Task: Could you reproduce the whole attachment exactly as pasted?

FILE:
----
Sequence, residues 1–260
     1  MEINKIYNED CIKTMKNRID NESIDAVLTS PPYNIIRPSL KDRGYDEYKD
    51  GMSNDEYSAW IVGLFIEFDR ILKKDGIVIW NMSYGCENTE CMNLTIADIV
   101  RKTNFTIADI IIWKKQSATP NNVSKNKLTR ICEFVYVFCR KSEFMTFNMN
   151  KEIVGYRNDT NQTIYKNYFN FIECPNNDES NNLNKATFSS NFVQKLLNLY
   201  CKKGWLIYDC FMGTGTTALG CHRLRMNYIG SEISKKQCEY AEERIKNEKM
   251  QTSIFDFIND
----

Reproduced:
Sequence, residues 1–260
     1  MEINKIYNED CIKTMKNRID NESIDAVLTS PPYNIIRPSL KDRGYDEYKD
    51  GMSNDEYSAW IVGLFIEFDR ILKKDGIVIW NMSYGCENTE CMNLTIADIV
   101  RKTNFTIADI IIWKKQSATP NNVSKNKLTR ICEFVYVFCR KSEFMTFNMN
   151  KEIVGYRNDT NQTIYKNYFN FIECPNNDES NNLNKATFSS NFVQKLLNLY
   201  CKKGWLIYDC FMGTGTTALG CHRLRMNYIG SEISKKQCEY AEERIKNEKM
   251  QTSIFDFIND